FRONT-PORCH GOSPEL: Don’t be shocked to find a ‘sleeper’ in the late rounds!
Good day to all. Welcome to the “front porch.”
Did you know that Bart Starr – quarterback for the Green Bay Packers in the 1960s – was picked in the seventeenth round of the 1956 draft. He was the 200th player taken in.
This one may surprise you, too: Bo Jackson made it all the way to the seventh round in the 1987 draft, the 183rd pick overall. Some of you may remember the commercials with Bo Jackson that promoted its product by saying, “Bo knows.” His story is a little different, though. He actually was drafted number one in 1986 but chose to play baseball instead. The next year Oakland “wasted” a late-round draft pick on him, hoping he would come back – which, to everybody’s surprise, he did.
The most famous lateround draft pick is Tom Brady, drafted 199th in 2000. It’s almost funny to think that almost two-hundred players were drafted before the man who is probably the greatest quarterback of all time – like him or not, he probably is.
The Tom Brady’s of the world teach us that, yes, we sometimes miss on our “draft picks.”
There is a familiar Old Testament story where we find a “miss” similar to the case with Tom Brady.
God sends the great prophet to Samuel to the house of Jesse to select the next king who would one day replace Saul. In other words, Samuel has the number one pick in the draft, which sometimes can be an easy choice. In this case it seems to be, as Samuel quickly sees the son he wants to choose: Jesse’s oldest son Eliab.
At first glance he says, “Ah, here’s the next king of Israel.”
But God shocks Samuel when He says, “No, he’s not the one!” Sometimes God does that, to our own surprise.
Samuel must have thought, “What do you mean ‘No’? Look at this man!” And he was right. Eliab was quite a physical specimen. He was tall, strong, and handsome.
But he wasn’t the one. If he had taken time to think on it, Samuel would have realized that King Saul also was tall, strong, and handsome. He stood head and shoulders above all the rest, but he was a total failure as a king. We have evidence later on that shows that Eliab likely would have followed suit.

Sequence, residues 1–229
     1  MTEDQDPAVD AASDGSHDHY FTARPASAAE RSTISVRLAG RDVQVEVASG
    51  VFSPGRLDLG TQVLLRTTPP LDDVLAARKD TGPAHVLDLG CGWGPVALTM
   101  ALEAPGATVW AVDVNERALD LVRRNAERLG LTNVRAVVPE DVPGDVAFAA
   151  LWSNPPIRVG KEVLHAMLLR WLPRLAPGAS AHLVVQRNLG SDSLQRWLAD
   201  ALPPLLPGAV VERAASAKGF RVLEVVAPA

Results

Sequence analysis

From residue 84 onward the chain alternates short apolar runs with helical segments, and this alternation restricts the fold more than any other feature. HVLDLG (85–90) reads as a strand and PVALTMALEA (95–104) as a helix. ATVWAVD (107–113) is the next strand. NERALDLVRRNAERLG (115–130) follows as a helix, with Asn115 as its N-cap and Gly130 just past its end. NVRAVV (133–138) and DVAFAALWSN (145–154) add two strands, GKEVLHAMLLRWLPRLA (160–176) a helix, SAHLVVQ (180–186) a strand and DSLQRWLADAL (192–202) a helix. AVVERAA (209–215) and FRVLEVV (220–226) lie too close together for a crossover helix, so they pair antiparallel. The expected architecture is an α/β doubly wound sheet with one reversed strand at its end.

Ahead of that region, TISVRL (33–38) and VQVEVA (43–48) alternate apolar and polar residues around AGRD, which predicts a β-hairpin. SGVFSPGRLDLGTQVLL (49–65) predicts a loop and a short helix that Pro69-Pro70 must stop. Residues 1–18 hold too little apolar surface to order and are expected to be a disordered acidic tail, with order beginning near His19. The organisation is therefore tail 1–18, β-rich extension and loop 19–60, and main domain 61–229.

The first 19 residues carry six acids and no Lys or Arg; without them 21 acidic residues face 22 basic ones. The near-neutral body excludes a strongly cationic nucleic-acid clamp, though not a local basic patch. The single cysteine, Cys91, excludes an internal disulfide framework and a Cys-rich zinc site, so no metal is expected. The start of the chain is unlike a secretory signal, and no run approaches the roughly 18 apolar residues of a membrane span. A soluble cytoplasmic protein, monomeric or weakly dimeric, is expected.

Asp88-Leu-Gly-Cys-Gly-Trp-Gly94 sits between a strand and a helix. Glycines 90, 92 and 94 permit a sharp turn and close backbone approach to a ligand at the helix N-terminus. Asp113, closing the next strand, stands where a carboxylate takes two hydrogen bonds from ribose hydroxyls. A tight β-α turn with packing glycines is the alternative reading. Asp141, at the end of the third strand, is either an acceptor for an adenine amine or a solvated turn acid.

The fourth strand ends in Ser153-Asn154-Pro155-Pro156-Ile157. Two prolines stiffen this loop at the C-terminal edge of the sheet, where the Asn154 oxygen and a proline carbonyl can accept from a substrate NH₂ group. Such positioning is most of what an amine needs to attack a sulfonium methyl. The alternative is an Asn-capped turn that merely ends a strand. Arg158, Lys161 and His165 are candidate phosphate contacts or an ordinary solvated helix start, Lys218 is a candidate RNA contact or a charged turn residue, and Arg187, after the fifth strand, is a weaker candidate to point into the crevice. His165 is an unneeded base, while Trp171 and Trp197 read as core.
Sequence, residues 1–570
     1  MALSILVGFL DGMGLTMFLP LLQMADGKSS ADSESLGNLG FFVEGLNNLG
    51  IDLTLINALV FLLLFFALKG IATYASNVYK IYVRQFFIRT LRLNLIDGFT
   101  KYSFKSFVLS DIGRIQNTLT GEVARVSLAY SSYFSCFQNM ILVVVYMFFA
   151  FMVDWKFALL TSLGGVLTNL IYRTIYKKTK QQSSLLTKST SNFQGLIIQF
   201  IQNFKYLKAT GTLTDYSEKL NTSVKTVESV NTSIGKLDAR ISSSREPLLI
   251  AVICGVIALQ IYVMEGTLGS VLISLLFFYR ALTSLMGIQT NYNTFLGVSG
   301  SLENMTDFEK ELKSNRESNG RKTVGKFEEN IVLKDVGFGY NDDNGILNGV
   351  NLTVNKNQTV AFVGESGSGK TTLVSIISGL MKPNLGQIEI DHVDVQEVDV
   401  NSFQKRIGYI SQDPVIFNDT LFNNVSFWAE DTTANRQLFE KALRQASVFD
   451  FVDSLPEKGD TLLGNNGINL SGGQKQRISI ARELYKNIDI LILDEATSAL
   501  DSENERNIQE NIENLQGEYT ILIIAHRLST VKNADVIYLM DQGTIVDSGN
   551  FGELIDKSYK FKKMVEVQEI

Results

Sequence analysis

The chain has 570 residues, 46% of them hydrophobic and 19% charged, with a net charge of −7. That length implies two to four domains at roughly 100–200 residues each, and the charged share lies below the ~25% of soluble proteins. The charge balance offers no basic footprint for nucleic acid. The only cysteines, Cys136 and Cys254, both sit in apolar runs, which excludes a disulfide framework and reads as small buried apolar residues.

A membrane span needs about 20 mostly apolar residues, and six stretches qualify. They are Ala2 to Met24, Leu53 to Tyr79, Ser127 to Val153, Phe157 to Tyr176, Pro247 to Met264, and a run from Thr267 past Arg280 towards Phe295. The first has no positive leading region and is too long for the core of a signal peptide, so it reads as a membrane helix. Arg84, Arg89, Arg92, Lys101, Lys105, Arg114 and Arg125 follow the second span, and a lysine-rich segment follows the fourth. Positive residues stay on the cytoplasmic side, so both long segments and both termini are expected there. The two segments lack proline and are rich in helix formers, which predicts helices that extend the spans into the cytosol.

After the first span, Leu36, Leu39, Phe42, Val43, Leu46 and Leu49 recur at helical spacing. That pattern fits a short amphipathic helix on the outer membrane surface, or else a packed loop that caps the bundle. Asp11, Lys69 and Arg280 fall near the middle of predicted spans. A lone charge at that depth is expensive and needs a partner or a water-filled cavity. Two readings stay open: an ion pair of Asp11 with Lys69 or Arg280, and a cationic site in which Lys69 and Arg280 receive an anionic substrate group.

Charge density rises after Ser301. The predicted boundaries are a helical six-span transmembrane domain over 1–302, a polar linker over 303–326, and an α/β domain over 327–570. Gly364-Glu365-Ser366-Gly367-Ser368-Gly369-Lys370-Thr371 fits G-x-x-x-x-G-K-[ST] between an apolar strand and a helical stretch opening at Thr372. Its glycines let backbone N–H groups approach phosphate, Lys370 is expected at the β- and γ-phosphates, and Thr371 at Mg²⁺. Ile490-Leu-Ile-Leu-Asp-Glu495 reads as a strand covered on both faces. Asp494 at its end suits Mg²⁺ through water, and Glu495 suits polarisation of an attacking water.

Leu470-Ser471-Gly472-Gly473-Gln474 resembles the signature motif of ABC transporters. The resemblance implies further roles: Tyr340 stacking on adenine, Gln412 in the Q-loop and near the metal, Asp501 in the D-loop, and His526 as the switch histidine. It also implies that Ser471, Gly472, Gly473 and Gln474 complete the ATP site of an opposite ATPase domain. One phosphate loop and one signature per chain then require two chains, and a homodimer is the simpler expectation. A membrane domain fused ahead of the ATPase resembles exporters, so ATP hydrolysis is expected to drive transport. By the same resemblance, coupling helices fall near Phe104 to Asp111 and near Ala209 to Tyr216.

Even with the rejection of Eliab, Samuel has other choices for his prized draft pick. He has Abinadab, Shammah – the next in line of Jesse’s son – plus five others from the sons Jesse brings before him.
But God’s answer is no, no, and no – all the way to the last of the seven. We know, though, that Jesse has eight sons, and the youngest one – the auburn-headed baby boy of the group – is out in the field tending the sheep during Jesse’s visit.
The Lord ultimately leads the prophet to the son with the “bright eyes,” and along the way He teaches Samuel a great lesson.
Here’s how the Lord puts it: “Do not look at his appearance or at his physical stature, because I have refused him. For the Lord does not see as man sees; for man looks at the outward appearance, but the Lord looks at the heart” – 1 Samuel 16:7.
Truth is, sometimes we, as with Samuel, miscalculate people’s worth. We judge much too quickly. Naturally, we cannot see down deep into the heart the way the Lord can. We can miscalculate even with our own children, or grandchildren. Greatness lies within them, no doubt, much more than we sometimes know.
And sometimes we can misjudge with ourselves. You understand.
Six names remind us of how easy it is to miss out on someone if we judge prematurely:
Chad Pennington, Giovanni Carmazzi, Chris Redman, Tee Martin, Marc Bulger, Spergon Wynn – six noteworthy men you probably have never heard of.
These six, you see, were quarterbacks all drafted before Tom Brady in the 2000 draft.
Ah, let’s be ready. You may find a Tom Brady when you least expect it.
Or, in the case of Samuel, you may find a David.
Coach Steven Bowen, a long-time Red Oak teacher and coach, now enjoys his time as a full-time writer and preacher of the gospel. In addition to his evangelistic travels, he works and writes for the Church of Christ of Red Oak at Uhl Road and Ovilla. Their worship times are 10 a.m. Sundays and 7:30 pm. Wednesdays. Email firstname.lastname@example.org or call or text 972-824-5197.